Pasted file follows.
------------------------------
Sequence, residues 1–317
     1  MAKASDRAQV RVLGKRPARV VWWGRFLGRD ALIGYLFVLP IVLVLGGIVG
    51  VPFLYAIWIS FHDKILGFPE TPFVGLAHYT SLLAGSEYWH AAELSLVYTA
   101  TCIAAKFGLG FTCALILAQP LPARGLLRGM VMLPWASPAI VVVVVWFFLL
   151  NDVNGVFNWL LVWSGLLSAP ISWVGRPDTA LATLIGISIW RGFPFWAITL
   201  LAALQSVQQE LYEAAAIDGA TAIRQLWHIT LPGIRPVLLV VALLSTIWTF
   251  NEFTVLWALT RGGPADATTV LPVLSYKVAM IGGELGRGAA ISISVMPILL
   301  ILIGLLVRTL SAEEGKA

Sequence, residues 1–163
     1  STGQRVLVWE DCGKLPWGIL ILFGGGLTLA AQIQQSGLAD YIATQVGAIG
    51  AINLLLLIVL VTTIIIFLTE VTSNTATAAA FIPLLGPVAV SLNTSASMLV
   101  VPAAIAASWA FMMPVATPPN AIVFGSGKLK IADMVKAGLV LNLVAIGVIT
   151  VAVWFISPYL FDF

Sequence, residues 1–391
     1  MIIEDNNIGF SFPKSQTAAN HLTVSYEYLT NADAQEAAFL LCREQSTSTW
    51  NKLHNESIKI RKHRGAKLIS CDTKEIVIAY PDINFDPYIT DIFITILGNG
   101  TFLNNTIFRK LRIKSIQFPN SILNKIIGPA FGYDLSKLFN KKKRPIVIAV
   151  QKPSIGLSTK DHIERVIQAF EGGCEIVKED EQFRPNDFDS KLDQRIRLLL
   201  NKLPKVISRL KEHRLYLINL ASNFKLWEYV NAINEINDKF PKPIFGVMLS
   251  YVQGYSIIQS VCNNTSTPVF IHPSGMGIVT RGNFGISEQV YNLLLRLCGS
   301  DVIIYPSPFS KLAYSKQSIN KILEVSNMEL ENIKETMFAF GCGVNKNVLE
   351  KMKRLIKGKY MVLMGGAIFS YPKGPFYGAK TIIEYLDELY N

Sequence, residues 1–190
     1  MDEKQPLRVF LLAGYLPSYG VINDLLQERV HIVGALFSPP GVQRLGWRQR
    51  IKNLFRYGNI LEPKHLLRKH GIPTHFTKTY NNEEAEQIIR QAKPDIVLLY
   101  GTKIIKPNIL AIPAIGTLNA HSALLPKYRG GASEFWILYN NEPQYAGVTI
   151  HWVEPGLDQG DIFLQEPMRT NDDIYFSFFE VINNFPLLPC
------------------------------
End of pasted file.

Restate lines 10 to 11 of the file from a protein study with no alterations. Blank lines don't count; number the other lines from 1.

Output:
     1  STGQRVLVWE DCGKLPWGIL ILFGGGLTLA AQIQQSGLAD YIATQVGAIG
    51  AINLLLLIVL VTTIIIFLTE VTSNTATAAA FIPLLGPVAV SLNTSASMLV